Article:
A general relativity thought experiment considering time rates in different reference frames experiencing identical acceleration and no relative motion.

Suppose:

On a planet-sized, non-spinning, homogeneous sphere, floating freely in space, there’s a tall tower. On the tower are a laser, a clock synchronized to the laser (counting wave cycles and dividing by the laser's fixed frequency, f_{0}), & a light receiver that measures frequency of an incoming laser beam and runs a second clock (also counting f_{0} wave cycles per second). The laser and receiver are focused on an identical set of equipment located at the bottom of a vertical shaft, directly below the tower. And, the laser and detector at the bottom of the shaft are, likewise, focused on the detector and laser, respectively, on the tower.

The tower height and shaft depth are selected to have the same gravitational acceleration, g_{0}, which is less than the surface gravity.

Because both locations experience identical gravity, and are stationary with respect to each other, relativity requires that clocks in each location will run at the same rate.

Observations:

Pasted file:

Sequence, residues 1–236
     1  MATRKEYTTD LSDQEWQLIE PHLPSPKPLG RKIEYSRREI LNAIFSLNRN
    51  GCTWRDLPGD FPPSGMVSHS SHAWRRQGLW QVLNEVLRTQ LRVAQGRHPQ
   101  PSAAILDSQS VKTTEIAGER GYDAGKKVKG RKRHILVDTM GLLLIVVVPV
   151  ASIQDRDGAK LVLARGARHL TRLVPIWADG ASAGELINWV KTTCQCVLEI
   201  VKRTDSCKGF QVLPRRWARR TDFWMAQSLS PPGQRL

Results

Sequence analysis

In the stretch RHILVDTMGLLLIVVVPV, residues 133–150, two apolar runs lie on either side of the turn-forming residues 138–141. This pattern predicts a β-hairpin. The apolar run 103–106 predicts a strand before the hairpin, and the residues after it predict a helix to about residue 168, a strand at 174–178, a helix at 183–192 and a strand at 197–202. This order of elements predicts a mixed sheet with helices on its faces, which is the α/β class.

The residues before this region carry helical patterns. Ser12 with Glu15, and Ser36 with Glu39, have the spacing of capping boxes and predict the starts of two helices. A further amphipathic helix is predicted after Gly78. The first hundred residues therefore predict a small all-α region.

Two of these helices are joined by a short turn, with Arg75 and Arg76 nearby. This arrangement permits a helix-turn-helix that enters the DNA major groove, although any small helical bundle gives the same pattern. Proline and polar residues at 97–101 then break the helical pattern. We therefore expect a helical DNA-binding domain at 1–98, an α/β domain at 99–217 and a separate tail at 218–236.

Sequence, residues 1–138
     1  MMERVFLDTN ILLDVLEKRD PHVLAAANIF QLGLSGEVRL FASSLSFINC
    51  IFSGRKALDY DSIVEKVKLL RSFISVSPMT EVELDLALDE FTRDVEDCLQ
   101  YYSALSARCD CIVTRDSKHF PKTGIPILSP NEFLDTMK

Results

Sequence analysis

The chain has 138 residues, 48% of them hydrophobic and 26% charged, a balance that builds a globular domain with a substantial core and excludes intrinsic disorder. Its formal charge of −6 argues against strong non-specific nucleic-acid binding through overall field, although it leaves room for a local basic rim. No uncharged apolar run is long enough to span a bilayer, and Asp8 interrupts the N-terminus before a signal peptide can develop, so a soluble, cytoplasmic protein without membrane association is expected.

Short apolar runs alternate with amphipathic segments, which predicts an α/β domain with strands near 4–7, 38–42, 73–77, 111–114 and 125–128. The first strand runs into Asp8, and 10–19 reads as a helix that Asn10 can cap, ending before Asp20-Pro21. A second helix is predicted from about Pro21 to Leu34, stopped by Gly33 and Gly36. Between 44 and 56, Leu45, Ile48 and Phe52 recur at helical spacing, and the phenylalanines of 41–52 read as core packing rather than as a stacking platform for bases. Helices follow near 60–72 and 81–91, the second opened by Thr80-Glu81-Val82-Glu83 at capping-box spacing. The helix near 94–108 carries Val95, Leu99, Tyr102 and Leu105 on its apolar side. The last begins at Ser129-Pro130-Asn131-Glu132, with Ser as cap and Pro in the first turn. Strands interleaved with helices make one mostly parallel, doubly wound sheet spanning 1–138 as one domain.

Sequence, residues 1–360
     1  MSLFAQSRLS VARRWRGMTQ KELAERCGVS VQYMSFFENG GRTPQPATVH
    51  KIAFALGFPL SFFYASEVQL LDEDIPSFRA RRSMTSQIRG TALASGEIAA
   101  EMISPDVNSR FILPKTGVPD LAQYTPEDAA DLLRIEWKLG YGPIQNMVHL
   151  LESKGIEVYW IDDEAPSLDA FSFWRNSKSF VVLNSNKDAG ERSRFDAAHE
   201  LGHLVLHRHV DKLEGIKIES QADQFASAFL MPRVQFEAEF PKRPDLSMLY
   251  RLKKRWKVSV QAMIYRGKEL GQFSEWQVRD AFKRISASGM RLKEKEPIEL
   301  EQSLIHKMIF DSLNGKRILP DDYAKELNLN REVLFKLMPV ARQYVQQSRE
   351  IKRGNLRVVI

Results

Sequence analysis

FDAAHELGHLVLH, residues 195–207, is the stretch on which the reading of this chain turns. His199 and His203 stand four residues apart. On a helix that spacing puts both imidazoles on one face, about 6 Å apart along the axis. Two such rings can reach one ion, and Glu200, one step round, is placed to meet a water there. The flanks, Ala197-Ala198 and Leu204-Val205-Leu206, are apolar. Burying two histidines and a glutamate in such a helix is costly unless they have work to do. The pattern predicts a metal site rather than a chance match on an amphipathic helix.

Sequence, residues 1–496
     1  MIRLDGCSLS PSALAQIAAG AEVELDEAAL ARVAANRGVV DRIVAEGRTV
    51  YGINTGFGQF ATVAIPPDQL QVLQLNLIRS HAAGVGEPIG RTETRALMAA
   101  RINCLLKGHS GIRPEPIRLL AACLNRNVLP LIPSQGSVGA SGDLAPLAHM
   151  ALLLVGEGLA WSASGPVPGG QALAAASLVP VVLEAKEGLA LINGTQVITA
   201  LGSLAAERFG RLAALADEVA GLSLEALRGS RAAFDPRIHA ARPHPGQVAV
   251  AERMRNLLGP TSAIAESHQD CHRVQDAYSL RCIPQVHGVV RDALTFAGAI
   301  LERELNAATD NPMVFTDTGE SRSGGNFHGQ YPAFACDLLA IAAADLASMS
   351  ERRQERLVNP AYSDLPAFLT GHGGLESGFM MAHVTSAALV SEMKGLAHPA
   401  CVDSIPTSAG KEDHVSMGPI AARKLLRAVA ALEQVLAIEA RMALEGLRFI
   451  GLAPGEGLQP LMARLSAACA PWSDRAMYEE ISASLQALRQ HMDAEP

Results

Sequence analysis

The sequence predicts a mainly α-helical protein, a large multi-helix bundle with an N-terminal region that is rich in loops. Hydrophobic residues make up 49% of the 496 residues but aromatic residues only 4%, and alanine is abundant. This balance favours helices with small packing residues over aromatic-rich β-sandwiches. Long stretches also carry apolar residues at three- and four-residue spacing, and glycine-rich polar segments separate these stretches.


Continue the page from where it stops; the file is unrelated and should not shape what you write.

Because the light path from shaft bottom to tower top is up-hill all the way, light arriving at the tower from the shaft will have diminished frequency (and its clock will run slower) while light originating on the tower will be blue shifted, to higher frequency, by the time it arrives at the bottom of the shaft. Both sets of clocks will show time running faster on the tower than down in the shaft. The two beams follow identical, though opposite, fixed-length paths, so the constantly accumulating difference in the wave cycle counts can only be explained by a difference in time rate.

My conclusions:

While the force vectors in 3-space can be canceled out, the total field and consequent time dilation must only accumulate. In this model, the center of mass of such a sphere would only be a local minima in spacetime. Just because there’s no net gravity in one location doesn’t mean it's not uphill and/or downhill from other frames of reference, also of zero gravity.

I am guessing the time dilation at the center of the sphere will be that one would expect from a field proportional to the sphere's mass density multiplied by its radius... mass divided by distance squared.

Changes in potential energy require changes in time rate.

I would appreciate your thoughts.